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Amid high crime and demoralized police, anxious urbanites turn to private security to keep them safe

Illustration by Krieg Barrie

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Lights reflect on the water of Baltimore’s Inner Harbor. Everything is quiet at 4 a.m. on this September morning. Just down the road, the historic Federal Hill neighborhood has long since gone to bed. But not everyone is sleeping. In the darkness, shadows move. Would-be thieves are quietly appraising cars, peeking in windows, trying door handles, hoping to find one unlocked. But they’re not the only ones awake. A resident spots them and reaches for her phone. She doesn’t call 911, though, because she fears the police will take too long to respond. Instead, she calls Federal Hill’s private security firm, Matcom.

Brian Askew, Matcom’s founder, is on patrol and happens to be just two blocks away when the call comes in. He takes off in a company Crown Vic, a decommissioned police car.

Gangs of youths burglarizing cars are common in Baltimore. And that’s hardly the worst type of crime. Last year, the city with a population of less than 600,000 people logged 334 homicides. The high crime rates paired with an understaffed and demoralized police department have left Baltimore’s residents searching for other ways to stay safe. Some neighborhoods, like Federal Hill, are reaching into their pockets to pay private security firms to patrol their streets. It’s a heavy financial burden, and it’s not clear whether the patrols actually reduce crime. But the trend is catching on. A growing number of Americans, particularly in urban areas, are turning to private security to keep their homes and businesses safe.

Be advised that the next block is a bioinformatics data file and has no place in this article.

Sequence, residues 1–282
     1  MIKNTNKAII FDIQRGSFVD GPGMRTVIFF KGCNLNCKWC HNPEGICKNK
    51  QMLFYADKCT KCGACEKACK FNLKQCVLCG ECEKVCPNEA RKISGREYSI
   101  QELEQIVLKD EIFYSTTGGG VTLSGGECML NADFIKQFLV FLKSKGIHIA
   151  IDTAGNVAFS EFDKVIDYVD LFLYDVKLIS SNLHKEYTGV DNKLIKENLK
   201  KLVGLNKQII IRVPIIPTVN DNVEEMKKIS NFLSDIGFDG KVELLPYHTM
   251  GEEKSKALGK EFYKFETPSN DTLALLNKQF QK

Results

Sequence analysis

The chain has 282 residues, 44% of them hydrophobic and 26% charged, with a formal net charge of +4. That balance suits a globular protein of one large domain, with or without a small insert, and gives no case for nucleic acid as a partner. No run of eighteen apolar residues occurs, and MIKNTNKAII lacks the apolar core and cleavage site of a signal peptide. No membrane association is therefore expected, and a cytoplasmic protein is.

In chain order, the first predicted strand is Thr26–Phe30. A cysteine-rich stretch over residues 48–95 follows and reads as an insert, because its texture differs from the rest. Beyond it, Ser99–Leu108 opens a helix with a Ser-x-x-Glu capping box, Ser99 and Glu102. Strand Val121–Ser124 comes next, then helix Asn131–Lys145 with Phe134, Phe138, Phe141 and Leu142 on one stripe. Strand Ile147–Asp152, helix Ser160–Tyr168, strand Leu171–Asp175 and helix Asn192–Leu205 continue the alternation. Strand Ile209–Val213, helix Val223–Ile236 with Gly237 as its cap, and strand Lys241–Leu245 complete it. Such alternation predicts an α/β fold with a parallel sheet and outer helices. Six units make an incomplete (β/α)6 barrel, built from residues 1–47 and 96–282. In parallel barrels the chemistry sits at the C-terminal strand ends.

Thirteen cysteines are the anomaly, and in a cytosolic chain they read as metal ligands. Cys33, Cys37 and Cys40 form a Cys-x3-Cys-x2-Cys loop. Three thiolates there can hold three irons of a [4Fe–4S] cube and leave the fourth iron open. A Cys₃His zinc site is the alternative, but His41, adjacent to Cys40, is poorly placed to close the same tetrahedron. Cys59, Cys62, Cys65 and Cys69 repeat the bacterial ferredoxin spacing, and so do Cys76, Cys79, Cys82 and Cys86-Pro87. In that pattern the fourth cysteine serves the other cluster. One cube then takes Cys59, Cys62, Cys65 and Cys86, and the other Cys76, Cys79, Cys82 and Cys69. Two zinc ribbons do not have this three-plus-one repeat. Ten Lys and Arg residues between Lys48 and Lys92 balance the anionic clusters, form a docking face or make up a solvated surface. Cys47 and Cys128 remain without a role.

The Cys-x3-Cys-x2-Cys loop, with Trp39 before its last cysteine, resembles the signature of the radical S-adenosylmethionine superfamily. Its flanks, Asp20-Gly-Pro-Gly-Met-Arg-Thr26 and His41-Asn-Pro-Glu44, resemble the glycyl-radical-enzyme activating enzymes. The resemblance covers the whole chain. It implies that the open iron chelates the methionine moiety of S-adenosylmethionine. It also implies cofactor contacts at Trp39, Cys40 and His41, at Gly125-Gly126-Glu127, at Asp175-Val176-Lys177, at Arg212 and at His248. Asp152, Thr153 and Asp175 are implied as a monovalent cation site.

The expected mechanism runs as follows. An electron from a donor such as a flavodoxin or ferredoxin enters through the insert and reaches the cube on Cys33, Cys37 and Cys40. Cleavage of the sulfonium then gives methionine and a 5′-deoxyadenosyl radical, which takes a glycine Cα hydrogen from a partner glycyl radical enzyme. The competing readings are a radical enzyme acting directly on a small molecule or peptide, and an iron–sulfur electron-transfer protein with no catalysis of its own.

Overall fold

The tires on Askew’s Crown Victoria shriek as he brakes to a halt near the would-be burglars. Body camera rolling, he jumps out and yells: “Hey! Get over here!” One suspect jumps into a getaway car and speeds away so fast he sideswipes a parked car. That’s when Askew realizes he’s dealing with a lot more than two suspects. Others scatter left and right on foot. It’s hard to tell in the dark, but Askew counts five or six of them. He ­manages to grab one.

“The guy is all like, ‘I ain’t do nothin’, man,’” said Askew. “I was like, ‘Yeah, you’re part of the main event.’”

Askew detains the suspect until police arrive and take over. That night, he likely prevented a crime. But the truth is, it’s a drop in the bucket.

Famously crime-ridden, Baltimore has battled bad guys for decades. And the city did make progress early in the new millennium. In 2011, the homicide rate hit a record low of 197. But murder skyrocketed after April 2015, when Freddie Gray, a black man, died of a spinal injury sustained in police custody. Gray’s death sparked weeks of violent protests in Baltimore. The progressive state’s attorney at the time, Marilyn Mosby, filed charges against all six officers involved in the arrest. Trials against three resulted in acquittals and prosecutors dropped charges against the rest.

Following the whole mess—Gray’s death, the riots, the charges—many officers retired or changed jobs. As of mid-October 2023, the police department had 558 vacancies—one-fifth of its budgeted positions. Now, people can’t move out of Baltimore fast enough. The city’s population has fallen to its lowest point in over a century.